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October 13, 2003

Good idea? Big mistake?

On Thursday, Apple is expected to announce and/or launch the Windows version of their ground-breaking Apple Music Store service. This will include a Windows version of iTunes.

I have concerns about this.

I am a devoted Macintosh fan. I've never thought it was a "religious thing" between Mac and Windows, it's not just a personal preference. It's simply that Mac is better. It's easier to use, more attentive to the users' needs, and genuinely original.

Windows is often brutally difficult to operate, cares more for market share and control than the users' needs, and trumpets innovation when what they've always done is to copy, buy, or trample the inventive work of others.

Sorry I didn't mean to get onto a rant there.

The thing is, that I've always felt strongly that the "Macintosh way" was important, and it should be defended and advanced.

Back in the late 80s and early 90s I worked for Apple, in Cupertino, for the Developer Tools Group. Toward the end of that time I became discouraged because I felt that the leaders of the company had given up on beating Windows and instead they were pursueing a course of compromise and appeasement.

The Apple Developer Support group was (and is again!) an excellent source for supporting programmers in creating great software for the Mac. Having great software, exclusively available on the Mac, was one of the best lures we had to help showcase the qualities of a system that was often hard to quantify in ads, or show in glossy screenshots.

But in the early 90s Apple seemed to have given up on beating Windows and had begun to help programmers to develop software simultaneously for BOTH Mac and Windows. I felt this was a terrible mistake.

I fought this attitude from within the company. But this meant that in public I promoted a company policy that I opposed in private. Finally in 1992 I couldn't continue so I left my job at Apple.

Now, Apple is about to release a Windows version of iTunes.

I am a great fan of the steps that Steve Jobs has taken over the past few years to bring Apple back from the brink. My sense is that Jobs is even more anti-Windows than I am, so I really don't understand why Apple would abdicate the competitive advantage of a Mac-only iTunes.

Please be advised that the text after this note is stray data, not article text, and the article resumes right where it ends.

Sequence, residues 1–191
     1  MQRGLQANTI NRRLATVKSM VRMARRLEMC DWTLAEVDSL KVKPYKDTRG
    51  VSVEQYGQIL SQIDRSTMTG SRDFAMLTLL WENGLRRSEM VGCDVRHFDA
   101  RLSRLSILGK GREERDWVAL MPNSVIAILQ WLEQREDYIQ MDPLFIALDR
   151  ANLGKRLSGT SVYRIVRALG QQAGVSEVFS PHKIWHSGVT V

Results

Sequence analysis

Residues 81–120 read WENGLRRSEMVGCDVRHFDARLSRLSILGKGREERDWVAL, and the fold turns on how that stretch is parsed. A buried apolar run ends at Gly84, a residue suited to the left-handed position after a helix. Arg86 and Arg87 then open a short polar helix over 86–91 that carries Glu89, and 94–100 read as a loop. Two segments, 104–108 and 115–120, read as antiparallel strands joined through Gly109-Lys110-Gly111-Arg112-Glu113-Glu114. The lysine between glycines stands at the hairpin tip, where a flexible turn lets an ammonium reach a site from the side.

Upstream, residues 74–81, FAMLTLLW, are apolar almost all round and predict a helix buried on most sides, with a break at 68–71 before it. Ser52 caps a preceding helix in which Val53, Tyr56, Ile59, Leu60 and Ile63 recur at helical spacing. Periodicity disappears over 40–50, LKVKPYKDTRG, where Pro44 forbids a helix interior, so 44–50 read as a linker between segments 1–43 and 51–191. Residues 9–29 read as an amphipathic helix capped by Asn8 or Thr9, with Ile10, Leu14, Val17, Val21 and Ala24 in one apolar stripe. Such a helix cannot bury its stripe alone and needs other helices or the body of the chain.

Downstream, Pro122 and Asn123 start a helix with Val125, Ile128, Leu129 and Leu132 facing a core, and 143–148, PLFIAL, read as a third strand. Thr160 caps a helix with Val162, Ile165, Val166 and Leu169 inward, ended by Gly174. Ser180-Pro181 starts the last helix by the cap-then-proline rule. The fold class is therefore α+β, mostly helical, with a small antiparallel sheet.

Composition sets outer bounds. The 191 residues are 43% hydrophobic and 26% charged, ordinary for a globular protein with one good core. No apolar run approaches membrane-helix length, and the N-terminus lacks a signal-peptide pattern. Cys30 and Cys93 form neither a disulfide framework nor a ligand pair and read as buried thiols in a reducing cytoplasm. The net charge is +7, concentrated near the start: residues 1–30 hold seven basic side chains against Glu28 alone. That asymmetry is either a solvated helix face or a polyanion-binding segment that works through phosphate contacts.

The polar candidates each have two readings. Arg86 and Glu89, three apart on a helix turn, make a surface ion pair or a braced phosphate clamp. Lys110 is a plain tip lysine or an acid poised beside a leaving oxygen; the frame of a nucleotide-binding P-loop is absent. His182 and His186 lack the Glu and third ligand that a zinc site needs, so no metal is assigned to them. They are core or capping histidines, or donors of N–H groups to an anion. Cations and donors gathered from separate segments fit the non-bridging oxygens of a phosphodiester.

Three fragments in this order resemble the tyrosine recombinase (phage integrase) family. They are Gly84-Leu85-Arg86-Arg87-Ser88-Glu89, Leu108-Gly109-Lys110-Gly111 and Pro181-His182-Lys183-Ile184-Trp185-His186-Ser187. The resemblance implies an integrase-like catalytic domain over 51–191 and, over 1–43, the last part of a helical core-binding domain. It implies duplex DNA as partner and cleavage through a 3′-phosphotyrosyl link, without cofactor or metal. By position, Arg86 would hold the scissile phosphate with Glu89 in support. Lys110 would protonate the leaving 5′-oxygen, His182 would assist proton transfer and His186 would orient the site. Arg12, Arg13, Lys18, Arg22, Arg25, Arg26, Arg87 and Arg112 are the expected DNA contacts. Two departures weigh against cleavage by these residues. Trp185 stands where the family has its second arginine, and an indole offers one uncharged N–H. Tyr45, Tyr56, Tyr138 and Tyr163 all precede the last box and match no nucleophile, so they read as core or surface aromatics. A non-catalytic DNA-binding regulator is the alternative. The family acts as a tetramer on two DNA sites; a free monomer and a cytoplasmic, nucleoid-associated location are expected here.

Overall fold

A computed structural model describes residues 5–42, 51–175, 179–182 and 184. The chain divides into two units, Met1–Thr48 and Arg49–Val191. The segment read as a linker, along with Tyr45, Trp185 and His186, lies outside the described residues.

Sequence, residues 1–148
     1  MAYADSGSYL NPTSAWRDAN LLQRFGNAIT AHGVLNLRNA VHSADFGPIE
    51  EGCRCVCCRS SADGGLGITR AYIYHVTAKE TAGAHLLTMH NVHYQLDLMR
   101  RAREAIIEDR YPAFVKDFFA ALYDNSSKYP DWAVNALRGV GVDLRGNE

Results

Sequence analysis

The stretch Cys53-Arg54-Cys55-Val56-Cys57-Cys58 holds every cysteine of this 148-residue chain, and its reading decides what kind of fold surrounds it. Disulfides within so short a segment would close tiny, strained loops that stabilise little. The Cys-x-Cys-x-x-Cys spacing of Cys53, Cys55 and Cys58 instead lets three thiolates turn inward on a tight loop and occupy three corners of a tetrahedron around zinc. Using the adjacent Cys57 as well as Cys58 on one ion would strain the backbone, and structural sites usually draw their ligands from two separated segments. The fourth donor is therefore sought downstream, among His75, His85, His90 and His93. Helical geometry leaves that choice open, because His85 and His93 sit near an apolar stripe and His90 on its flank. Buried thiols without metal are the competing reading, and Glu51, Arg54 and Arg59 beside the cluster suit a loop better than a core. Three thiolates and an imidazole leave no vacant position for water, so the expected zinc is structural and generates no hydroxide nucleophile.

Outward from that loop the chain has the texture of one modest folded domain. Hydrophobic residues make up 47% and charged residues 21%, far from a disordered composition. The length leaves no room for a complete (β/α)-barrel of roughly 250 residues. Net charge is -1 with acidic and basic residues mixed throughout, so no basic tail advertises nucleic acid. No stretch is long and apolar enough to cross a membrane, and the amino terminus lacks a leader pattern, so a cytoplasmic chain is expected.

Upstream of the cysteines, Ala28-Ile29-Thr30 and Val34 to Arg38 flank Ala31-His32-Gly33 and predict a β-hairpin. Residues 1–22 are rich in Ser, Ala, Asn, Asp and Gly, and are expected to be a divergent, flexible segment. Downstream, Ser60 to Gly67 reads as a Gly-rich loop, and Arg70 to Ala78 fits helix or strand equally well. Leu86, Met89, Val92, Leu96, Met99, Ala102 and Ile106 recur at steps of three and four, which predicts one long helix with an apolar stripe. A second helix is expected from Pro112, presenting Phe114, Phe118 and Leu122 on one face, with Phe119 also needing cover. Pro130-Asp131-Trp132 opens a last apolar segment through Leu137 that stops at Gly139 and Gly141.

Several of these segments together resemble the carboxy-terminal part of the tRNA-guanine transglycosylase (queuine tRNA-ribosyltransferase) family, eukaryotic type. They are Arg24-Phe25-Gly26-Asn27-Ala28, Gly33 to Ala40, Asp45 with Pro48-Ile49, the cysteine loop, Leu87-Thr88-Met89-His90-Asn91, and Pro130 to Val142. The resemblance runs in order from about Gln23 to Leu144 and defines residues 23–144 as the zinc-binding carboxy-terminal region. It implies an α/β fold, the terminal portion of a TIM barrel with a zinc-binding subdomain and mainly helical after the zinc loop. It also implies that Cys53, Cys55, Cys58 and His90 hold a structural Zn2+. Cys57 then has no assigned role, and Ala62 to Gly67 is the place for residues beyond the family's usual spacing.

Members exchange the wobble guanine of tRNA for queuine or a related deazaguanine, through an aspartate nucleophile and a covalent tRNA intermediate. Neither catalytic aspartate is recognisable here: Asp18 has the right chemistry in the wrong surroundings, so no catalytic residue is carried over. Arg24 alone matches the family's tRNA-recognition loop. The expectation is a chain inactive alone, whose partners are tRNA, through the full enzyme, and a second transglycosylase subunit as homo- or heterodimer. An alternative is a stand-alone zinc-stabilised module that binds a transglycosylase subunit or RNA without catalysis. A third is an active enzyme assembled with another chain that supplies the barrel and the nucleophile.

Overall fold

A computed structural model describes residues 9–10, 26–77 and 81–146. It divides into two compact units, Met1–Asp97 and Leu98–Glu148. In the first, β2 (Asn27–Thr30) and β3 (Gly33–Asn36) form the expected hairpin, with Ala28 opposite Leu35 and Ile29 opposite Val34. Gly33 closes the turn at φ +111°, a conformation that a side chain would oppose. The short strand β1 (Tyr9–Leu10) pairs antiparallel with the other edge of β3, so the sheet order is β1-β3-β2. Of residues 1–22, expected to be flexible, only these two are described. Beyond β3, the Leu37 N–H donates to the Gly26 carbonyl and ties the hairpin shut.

I have big reservation about a Windows version of iTunes. But I'm going to withhold judgment on this for a while. Maybe Steve has something up his sleeve. I hope so.

Posted by jghiii at October 13, 2003 09:23 AM
Posted by: Steve Garfield on October 14, 2003 08:26 AM

Did you see the recent sales numbers for iPods?

They went from like 60k to 350k units between the last two quarters.

I think part of that was the ability to hook up an iPod to a Windows PC.

I'm not sure what the release of iTunes 5 will mean to PC users.

Maybe it'll just open up a huge new market for the Apple Music Store.

That wouldn't be a bad thing.

Remember how many sales Apple made when the store came out?

Now you are going to have the whole rest of the market getting easy access to buying music online.

Now that I'm thinking about it, this could be huge for Apple.

I bet there are a lot of PC users who necer downloaded a song and will now have an easy way to do it with iTunes 5.

Maybe after enjoying the ease of use of some Apple software, they'll consider a Mac for hteir next purchase?

iTunes5 - The Trojan Horse!

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